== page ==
Once again, here is a link to the original story by Hayes Roberts that goes with these pictures. But I encourage you to create your own narrative out of these scenes.
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Wednesday, July 21, 2010

from Tricycle Magazine

Being fully present. That is one of the gifts I received in the Grand Canyon a couple weeks ago. How fitting today's Daily Dharma from Tricycle Magazine: being present and removing the barriers to interconnectedness.


video
July 21, 2010
Tricycle Daily Dharma

Uproot the Core Problems

In the Buddhist path we are bringing together our actions, our view, and our practice. It is a balance of awareness, insight, and action, working harmoniously together. In that way our energy is no longer divided or scattered, but we are fully present in whatever we do. That is what it means to be a genuine human being.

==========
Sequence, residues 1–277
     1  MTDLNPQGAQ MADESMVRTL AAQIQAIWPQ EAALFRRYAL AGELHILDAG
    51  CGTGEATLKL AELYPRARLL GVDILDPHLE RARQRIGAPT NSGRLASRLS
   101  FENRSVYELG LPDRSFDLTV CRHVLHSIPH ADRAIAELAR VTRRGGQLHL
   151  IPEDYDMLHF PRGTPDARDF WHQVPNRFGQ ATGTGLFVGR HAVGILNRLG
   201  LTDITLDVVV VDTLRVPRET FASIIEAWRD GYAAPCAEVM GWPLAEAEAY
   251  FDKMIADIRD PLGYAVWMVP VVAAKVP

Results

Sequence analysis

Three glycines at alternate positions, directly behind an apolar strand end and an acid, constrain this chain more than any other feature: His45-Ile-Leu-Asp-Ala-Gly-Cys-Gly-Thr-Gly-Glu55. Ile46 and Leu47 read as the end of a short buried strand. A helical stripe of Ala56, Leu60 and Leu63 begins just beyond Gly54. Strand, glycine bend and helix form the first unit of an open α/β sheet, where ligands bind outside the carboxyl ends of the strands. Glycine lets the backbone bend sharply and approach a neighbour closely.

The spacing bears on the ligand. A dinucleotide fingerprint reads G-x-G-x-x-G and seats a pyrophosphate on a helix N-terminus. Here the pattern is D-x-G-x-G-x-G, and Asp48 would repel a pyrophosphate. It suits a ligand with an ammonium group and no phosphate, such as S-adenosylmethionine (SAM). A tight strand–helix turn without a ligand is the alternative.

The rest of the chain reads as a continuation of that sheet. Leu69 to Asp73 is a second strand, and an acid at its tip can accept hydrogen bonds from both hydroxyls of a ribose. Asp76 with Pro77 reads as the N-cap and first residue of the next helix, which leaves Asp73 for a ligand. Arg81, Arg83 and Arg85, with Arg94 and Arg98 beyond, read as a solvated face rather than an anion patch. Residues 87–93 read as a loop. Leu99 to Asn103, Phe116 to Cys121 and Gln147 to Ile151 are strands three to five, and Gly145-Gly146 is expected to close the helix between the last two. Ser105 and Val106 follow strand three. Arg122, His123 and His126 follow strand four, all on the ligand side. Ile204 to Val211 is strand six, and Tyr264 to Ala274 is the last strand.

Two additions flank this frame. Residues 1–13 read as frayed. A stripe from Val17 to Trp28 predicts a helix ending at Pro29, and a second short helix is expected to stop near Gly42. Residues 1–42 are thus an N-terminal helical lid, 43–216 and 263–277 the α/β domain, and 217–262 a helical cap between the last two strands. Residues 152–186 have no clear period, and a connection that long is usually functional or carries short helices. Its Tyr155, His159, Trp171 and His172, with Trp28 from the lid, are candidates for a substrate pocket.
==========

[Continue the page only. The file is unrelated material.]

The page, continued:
In Buddhism, the point is not simply to be accomplished meditators but to change our whole approach to life. Meditation is not merely a useful technique or mental gymnastic, but part of a balanced system designed to change they way we go about things at the most fundamental level. In this context, it is a way of exposing and uprooting the core problems of grasping and ego-clinging that separate us from one another and cause endless pain.

-Judy Lief, "Is Meditation Enough?" (Spring 1997)Read the complete article here. 

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Monday, July 19, 2010

Trigger or Jogging Your Memory

I hadn't thought of this before - but it came up in discussion today.